A major class-action suit against 6 large managed care companies has moved a step closer to trial.[@@]
The U.S. Supreme Court declined Monday to review a dispute about whether the plaintiffs in the case, Leonard J. Klay, et al. v. UnitedHealth Group Inc., et al., really form a class that should have the ability to bring a class-action suit.
Lawyers for the doctors say Klay is the lead plaintiff in a class that consists of about 600,000 doctors who have done business with the managed care units of Health Net Inc., Los Angeles; Humana Inc., Louisville, Ky.; PacifiCare Health Systems Inc., Cypress, Calif.; Prudential Financial Inc., Newark, N.J.; UnitedHealth Group Inc., Minnetonka, Minn.; and WellPoint Inc., Indianapolis.
Lawyers for the plaintiffs say the managed care companies named as defendants have violated federal racketeering laws by conspiring to hold down doctors’ compensation and interpret provider contracts in unfair ways.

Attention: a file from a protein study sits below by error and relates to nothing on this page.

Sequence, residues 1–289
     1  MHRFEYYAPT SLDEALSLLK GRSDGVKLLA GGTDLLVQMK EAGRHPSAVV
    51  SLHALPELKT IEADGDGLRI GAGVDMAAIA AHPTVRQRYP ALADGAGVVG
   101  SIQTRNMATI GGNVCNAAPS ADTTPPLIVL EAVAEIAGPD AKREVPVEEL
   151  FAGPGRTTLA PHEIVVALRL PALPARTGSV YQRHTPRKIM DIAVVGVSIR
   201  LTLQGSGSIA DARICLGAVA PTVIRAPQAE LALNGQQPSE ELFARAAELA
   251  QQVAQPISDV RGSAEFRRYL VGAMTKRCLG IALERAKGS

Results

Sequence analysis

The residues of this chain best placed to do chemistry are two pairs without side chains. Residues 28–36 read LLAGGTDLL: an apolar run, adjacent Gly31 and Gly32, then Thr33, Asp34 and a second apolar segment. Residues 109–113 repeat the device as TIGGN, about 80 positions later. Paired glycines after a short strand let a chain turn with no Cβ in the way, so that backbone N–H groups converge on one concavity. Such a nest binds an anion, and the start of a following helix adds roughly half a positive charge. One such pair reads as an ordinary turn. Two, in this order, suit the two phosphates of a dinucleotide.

But the defendants and outside business groups question whether lawyers for Klay should have the right to represent a class consisting of hundreds of thousands of doctors.
Klay v. UnitedHealth is one of many managed care cases that have been consolidated in the U.S. District Court in Miami under the style In Re Managed Care Litigation.
U.S. District Judge Federico Moreno has certified a class of 600,000 doctors for the lawyers representing Klay, and the 11th Circuit Court of Appeals in Atlanta upheld certification of the class in September 2004.
Lawyers representing UnitedHealth and the other managed care companies turned to the Supreme Court for help in October 2004.